This issue I would like to talk about motivation; you know, that mythical feeling of accomplishment that is the topic of 10 million books. Motivation is a constantly morphing entity that can shape-shift in seconds. The very thing that motivates you today could repulse you tomorrow. This makes me wonder if motivational speakers have any idea what they are talking about.
Don't get me wrong. I know motivational speakers; I am friends with motivational speakers; but I am no motivational. I respect what they do, but I just don't know how they do it. It's almost like they believe that stuff themselves.
All I know for sure is that motivation changes as you get older. Take a look at your average 20-year-old today. What motivates this tattooed slacker? Free tickets to a Skulljammers concert or a billion-bit iPod. But as we age, our motivational goals change — to the point where today what motivates me is comfortable shoes and a nap.
Constructing incentive programs that appeal to both the young go-getters and the senior veterans becomes a formidable task for the meeting planner. Fortunately, I have a few suggestions to help you in preparing for your next conference. Consider these activities:
Rafting on a Scenic River — Nothing is more tranquil than floating down a lazy river on a sunny afternoon. This would be the perfect day trip for the more sedate of your attendees if only they didn't have to exert themselves by paddling. Enter the eager, type A, 20-somethings who are looking for excitement and a competitive challenge. They can be divided into teams with one team assigned to each raft of passengers. Then they are harnessed to the rafts by ropes and when the signal is given, the go-getters swim downstream while towing a raft full of people who have opened up their box lunches and are passing around a bottle of wine. For a real challenge, have the swimmers tow the rafts upstream too.
If your destination is Alaska, the same effect can be achieved with dog-sled races, replacing the dogs with young producers wearing snowshoes and filling the sleds with seasoned veterans comfortably situated under layers of buffalo hides. The result is an exhausted yet exhilarated younger set, and happy and slightly tipsy passengers who have had great sport without the pain of exertion.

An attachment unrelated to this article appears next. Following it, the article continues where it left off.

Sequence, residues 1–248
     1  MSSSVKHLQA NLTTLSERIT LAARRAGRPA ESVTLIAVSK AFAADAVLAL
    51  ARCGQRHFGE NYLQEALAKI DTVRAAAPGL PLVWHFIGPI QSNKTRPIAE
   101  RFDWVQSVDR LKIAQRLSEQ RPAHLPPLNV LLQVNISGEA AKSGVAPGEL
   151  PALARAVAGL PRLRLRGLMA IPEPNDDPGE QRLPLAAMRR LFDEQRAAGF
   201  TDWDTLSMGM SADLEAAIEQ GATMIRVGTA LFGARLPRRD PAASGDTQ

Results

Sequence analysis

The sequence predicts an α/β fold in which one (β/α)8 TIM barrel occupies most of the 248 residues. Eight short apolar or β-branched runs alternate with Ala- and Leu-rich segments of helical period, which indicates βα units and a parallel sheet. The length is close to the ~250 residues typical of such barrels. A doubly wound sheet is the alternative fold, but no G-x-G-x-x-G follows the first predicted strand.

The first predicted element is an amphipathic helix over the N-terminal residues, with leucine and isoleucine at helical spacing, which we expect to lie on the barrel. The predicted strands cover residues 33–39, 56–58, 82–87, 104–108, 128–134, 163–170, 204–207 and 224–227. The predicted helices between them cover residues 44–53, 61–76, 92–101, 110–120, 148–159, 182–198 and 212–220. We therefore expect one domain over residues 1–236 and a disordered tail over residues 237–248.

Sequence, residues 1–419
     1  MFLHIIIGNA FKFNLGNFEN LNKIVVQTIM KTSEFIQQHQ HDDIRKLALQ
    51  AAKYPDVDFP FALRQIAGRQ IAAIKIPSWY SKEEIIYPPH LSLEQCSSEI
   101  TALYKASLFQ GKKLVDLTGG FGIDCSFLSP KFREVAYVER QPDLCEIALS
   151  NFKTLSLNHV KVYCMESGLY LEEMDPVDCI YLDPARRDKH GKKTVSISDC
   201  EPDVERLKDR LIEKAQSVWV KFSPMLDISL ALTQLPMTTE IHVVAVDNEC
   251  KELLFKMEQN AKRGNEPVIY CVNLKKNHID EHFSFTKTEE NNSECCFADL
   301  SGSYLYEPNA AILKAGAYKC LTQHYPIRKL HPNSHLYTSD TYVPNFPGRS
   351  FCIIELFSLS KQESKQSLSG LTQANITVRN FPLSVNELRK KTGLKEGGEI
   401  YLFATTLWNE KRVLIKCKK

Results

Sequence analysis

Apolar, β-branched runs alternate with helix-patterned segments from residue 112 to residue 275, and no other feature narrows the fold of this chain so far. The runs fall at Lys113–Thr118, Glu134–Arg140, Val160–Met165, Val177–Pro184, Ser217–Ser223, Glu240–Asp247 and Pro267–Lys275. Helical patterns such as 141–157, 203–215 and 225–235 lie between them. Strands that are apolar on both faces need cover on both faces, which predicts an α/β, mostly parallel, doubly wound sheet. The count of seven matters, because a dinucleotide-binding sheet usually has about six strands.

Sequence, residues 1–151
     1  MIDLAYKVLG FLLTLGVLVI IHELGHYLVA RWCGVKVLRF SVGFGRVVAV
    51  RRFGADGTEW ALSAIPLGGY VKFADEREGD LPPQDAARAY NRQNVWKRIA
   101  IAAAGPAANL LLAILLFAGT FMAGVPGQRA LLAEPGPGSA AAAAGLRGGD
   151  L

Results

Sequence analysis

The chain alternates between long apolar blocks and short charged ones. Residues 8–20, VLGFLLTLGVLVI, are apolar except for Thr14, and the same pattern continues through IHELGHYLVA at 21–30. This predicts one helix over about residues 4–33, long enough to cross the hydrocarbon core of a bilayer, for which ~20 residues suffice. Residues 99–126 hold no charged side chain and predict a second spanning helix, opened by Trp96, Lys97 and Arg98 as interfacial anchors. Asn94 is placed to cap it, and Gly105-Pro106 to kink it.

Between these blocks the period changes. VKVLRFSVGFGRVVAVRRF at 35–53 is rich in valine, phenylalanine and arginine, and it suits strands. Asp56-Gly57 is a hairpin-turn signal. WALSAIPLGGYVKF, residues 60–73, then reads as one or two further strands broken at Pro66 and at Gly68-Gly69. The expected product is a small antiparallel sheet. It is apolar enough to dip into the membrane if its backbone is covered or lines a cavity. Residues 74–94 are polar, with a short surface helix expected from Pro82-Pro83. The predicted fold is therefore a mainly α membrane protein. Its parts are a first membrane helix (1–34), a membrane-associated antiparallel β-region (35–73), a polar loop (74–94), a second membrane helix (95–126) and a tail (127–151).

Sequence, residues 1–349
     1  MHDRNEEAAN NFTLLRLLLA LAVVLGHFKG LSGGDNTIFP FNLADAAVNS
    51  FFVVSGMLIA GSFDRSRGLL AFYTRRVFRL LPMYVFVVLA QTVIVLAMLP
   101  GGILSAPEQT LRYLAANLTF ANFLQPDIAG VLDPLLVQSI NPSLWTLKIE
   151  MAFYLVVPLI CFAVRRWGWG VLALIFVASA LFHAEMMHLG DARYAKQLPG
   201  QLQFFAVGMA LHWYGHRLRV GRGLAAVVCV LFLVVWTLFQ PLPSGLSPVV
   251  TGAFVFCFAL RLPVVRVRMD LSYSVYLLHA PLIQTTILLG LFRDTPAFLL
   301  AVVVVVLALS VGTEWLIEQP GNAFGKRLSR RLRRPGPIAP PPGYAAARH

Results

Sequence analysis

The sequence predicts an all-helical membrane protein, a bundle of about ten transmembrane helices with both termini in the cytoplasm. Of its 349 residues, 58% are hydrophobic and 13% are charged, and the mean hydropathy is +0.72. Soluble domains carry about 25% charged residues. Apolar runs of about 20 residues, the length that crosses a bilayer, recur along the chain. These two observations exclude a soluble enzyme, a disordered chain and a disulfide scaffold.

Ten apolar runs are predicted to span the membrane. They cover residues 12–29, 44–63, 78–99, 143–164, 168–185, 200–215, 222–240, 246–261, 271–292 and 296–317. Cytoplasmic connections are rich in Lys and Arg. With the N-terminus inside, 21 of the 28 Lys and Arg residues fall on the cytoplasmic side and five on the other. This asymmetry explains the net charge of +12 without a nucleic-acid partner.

A Scavenger Hunt — A scavenger hunt can be the basis of a great incentive trip. You are holding your conference in, say, Munich, Germany. You divide your teams between the overachievers and the over-relaxers and give each a list of items to bring back. The key is that you give each team different lists. For the active competitors, you assign items like a bouquet of edelweiss from the peak of the Alps, a postcard postmarked in Lichtenstein, and a speeding ticket from the Autobahn. The more demure team will have different things on their list, like a beer mug from the Hofbrauhaus; a photo taken with someone German; and a Euro. It's a win-win scenario.
Art Class — Leisure-lovers always enjoy a fun-filled educational session. After an informative lecture on watercolor painting, the participants are given the opportunity to create their own masterpieces. The quieter members use the traditional easels and paints, while the action-oriented create their artwork by shooting each other with paintball guns. The colorful patterns left on their clothing can be framed to take home, and the bruises left by the paintballs will be judged at a contest held later by the pool.
I have a lot more ideas just as good as these, so if you're stuck for an idea for your next event, give me a call.
Dale Irvin is known as“the professional summarizer.” He attends meeetings around the world and recaps the events with instantly written comedy monologues. For more information, and to sign up for Dale's free Friday Funnies, visit www.daleirvin.com or call him at (800) 951-7321. For booking, contact Ruth Levine at Speak Inc., (858) 228-3771.